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The Return

ebook

WINNER OF THE PULITZER PRIZE IN BIOGRAPHY
WINNER OF THE RATHBONES FOLIO PRIZE
SHORTLISTED FOR THE BAILLIE GIFFORD PRIZE FOR NON-FICTION
SHORTLISTED FOR THE COSTA BIOGRAPHY AWARD
SHORTLISTED FOR THE NATIONAL BOOK CRITICS CIRCLE AWARD FOR AUTOBIOGRAPHY
WINNER OF THE SLIGHTLY FOXED BEST FIRST BIOGRAPHY PRIZE
ONE OF THE NEW YORK TIMES' TOP 10 BOOKS OF 2016

The Return is at once a universal and an intensely personal tale. It is an exquisite meditation on how history and politics can bear down on an individual life. And yet Hisham Matar's memoir isn't just about the burden of the past, but the consolation of love, literature and art. It is the story of what it is to be human.

Hisham Matar was nineteen when his father was kidnapped and taken to prison in Libya. He would never see him again. Twenty-two years later, the fall of Gaddafi meant he was finally able to return to his homeland. In this moving memoir, the author takes us on an illuminating journey, both physical and psychological; a journey to find his father and rediscover his country.


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Publisher: Penguin Books Ltd
Awards:

OverDrive Read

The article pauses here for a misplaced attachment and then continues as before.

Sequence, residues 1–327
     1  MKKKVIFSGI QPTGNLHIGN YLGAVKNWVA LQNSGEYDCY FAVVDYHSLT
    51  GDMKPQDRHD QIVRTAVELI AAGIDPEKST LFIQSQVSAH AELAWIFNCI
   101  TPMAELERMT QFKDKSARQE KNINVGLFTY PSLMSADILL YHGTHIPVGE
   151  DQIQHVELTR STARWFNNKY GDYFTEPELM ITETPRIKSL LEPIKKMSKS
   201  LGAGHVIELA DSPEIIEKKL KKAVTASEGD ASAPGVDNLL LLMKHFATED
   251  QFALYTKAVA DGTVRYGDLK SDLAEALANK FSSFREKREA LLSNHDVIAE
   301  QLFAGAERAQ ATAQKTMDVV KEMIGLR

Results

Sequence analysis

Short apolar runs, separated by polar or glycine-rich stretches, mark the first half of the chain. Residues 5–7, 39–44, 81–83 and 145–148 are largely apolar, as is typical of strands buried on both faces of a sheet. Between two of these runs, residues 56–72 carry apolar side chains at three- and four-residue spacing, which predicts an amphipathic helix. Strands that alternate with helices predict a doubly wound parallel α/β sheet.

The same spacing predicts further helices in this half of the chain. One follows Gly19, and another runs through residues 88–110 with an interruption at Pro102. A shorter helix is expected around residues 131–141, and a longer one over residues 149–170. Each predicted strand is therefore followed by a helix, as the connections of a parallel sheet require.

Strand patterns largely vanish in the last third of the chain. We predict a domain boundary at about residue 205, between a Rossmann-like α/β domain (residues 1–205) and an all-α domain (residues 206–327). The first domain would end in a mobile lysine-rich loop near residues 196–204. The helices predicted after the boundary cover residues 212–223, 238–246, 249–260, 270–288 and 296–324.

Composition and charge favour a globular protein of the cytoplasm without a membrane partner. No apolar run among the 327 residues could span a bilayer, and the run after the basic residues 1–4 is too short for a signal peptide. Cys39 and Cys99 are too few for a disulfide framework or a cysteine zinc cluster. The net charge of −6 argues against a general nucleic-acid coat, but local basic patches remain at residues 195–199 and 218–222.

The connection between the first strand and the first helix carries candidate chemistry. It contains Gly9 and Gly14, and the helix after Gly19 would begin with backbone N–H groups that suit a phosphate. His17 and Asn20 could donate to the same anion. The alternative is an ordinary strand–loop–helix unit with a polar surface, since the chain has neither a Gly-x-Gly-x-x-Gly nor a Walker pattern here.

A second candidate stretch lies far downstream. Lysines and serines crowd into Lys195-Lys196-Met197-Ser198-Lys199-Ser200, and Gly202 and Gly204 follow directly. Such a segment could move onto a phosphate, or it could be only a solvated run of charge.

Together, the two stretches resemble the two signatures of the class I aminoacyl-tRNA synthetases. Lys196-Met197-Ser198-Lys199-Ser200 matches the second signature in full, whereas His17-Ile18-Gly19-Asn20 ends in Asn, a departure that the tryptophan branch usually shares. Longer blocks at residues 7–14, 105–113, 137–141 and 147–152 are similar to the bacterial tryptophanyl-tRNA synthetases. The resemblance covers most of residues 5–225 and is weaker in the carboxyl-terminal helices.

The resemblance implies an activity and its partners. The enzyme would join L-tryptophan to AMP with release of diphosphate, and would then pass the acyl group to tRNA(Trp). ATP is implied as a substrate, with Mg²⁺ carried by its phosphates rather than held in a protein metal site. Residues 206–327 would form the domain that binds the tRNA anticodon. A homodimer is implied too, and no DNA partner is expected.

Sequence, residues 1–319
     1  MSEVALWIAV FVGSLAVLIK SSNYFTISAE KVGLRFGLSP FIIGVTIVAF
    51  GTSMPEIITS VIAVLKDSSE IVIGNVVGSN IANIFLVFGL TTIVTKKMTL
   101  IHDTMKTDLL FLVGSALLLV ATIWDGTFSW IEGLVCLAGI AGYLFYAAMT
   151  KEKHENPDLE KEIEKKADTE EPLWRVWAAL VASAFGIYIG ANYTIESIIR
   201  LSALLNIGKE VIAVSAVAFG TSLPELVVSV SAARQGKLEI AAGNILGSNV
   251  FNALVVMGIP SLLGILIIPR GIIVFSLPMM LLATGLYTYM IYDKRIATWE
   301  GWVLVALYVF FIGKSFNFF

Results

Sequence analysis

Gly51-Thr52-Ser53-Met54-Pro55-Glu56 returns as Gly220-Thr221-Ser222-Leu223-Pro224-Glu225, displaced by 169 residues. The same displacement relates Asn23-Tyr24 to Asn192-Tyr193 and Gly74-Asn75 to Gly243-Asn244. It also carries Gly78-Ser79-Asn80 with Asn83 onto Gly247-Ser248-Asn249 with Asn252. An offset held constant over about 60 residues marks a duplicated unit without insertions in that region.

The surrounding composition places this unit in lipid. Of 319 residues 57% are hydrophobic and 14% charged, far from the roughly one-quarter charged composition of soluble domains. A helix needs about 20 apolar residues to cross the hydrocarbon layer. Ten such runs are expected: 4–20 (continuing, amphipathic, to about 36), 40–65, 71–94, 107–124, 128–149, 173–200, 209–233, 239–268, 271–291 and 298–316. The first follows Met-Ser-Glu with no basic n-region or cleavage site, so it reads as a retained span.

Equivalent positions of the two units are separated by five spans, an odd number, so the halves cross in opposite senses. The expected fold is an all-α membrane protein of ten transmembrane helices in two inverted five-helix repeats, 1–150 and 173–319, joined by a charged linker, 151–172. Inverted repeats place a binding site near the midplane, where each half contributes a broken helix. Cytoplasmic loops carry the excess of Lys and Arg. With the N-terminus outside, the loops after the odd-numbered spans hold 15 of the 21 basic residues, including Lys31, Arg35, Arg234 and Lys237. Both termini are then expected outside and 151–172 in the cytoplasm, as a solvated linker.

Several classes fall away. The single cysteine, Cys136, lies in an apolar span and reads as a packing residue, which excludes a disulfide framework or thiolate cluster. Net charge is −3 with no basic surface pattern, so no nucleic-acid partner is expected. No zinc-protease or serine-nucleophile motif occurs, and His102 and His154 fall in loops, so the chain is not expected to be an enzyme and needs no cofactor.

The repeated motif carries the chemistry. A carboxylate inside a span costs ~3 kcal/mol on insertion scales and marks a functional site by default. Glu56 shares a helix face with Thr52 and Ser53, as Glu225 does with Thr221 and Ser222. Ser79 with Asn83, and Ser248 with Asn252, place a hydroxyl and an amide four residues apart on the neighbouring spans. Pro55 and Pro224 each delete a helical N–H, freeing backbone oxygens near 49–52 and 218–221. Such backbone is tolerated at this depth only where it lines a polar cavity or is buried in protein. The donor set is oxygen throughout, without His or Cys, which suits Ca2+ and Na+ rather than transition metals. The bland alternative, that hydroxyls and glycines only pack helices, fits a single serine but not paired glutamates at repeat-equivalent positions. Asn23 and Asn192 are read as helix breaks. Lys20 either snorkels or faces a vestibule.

• ISBN: 9780241966297
  • File size: 1396 KB
  • Release date: June 30, 2016

EPUB ebook

  • ISBN: 9780241966297
  • File size: 1224 KB
  • Release date: June 30, 2016

Formats

OverDrive Read
EPUB ebook

Languages

English

WINNER OF THE PULITZER PRIZE IN BIOGRAPHY
WINNER OF THE RATHBONES FOLIO PRIZE
SHORTLISTED FOR THE BAILLIE GIFFORD PRIZE FOR NON-FICTION
SHORTLISTED FOR THE COSTA BIOGRAPHY AWARD
SHORTLISTED FOR THE NATIONAL BOOK CRITICS CIRCLE AWARD FOR AUTOBIOGRAPHY
WINNER OF THE SLIGHTLY FOXED BEST FIRST BIOGRAPHY PRIZE
ONE OF THE NEW YORK TIMES' TOP 10 BOOKS OF 2016

The Return is at once a universal and an intensely personal tale. It is an exquisite meditation on how history and politics can bear down on an individual life. And yet Hisham Matar's memoir isn't just about the burden of the past, but the consolation of love, literature and art. It is the story of what it is to be human.

Hisham Matar was nineteen when his father was kidnapped and taken to prison in Libya. He would never see him again. Twenty-two years later, the fall of Gaddafi meant he was finally able to return to his homeland. In this moving memoir, the author takes us on an illuminating journey, both physical and psychological; a journey to find his father and rediscover his country.


Expand title description text